Study: Discrimination Still Seeps into Facebook Housing Ads

November 21, 2017
Social media’s most influential site is failing to enforce its own ban on advertising that encourages discrimination in housing, credit or employment
Social media’s most influential site is failing to enforce its own ban on advertising that encourages discrimination in housing, credit or employment.
 
The non-profit news source ProPublica released a study that showed how it was about purchase dozens of rental housing advertisements on Facebook with the request that they not be shown to specific demographics including African-Americans, Jews, people interested in wheelchair ramps, Spanish speakers, expatriates from Argentina and mothers with high school-age children. All of these groups are protected under the Fair Housing Act, but ProPublica said its advertisement requests were approved in a matter of minutes.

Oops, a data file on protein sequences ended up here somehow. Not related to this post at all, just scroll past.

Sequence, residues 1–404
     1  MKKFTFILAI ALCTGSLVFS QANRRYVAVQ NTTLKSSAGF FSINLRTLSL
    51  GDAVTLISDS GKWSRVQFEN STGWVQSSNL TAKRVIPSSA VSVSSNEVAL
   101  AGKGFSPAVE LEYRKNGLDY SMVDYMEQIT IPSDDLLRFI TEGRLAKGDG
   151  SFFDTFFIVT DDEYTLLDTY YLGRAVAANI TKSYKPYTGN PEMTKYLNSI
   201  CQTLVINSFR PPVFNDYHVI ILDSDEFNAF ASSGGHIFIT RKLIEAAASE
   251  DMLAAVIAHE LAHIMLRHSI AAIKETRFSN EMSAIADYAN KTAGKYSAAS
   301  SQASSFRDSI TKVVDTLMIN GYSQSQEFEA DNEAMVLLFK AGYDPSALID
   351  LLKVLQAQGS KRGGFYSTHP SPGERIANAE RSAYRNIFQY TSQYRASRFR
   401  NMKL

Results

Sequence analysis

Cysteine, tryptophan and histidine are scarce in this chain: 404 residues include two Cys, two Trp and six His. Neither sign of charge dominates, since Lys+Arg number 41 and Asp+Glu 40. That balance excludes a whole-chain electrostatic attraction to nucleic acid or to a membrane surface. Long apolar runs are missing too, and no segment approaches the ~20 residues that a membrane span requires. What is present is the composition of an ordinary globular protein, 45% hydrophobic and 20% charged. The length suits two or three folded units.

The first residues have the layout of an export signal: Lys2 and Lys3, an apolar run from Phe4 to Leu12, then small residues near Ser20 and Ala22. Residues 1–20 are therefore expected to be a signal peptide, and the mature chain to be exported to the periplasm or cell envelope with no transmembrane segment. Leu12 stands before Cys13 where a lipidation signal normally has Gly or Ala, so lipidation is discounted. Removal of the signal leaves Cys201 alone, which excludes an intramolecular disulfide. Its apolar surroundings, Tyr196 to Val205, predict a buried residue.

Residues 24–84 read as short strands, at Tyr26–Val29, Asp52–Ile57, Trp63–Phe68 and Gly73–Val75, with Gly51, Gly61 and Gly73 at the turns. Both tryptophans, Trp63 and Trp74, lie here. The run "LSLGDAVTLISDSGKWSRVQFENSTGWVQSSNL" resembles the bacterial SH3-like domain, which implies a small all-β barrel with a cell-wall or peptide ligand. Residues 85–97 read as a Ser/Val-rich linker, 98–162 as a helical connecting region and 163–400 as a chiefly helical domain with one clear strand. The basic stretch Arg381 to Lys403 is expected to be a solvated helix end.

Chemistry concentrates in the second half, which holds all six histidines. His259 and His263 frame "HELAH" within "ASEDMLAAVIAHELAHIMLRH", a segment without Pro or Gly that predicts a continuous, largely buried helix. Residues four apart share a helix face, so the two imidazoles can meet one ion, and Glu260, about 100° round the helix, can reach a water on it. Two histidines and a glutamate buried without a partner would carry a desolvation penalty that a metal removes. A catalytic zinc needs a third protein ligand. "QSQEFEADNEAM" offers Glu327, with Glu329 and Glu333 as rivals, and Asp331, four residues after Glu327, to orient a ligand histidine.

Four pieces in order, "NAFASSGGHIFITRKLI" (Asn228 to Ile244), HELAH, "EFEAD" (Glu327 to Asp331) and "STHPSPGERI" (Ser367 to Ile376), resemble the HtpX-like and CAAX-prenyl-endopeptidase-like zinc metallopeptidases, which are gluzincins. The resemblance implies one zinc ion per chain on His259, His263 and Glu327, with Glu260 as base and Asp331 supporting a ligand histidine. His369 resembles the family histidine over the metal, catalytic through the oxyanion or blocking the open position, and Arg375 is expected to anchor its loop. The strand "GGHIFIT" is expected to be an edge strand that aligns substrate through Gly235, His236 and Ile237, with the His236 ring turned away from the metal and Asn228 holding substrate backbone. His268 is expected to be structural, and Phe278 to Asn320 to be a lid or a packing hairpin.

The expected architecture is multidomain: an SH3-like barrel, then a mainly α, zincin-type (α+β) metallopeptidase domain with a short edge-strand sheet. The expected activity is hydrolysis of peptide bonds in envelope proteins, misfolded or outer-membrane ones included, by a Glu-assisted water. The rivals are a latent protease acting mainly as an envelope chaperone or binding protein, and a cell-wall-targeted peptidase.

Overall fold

ProPublica also sought to publish a Facebook rental advertisement that sought deny rental housing to those “interested in Islam, Sunni Islam and Shia Islam.” That took a longer approval time, getting online after 22 minutes.
 
“This was a failure in our enforcement and we’re disappointed that we fell short of our commitments,” Ami Vora, Vice President of Product Management at Facebook, said in an e-mailed statement. “The rental housing ads purchased by ProPublica should have but did not trigger the extra review and certifications we put in place due to a technical failure.”
 
Vora also claimed that Facebook’s successfully flagged millions of ads” in the credit, employment and housing categories and would begin requiring self-certification for advertisements in all categories that choose to exclude an audience segment. “Our systems continue to improve but we can do better,” Vora said.

 
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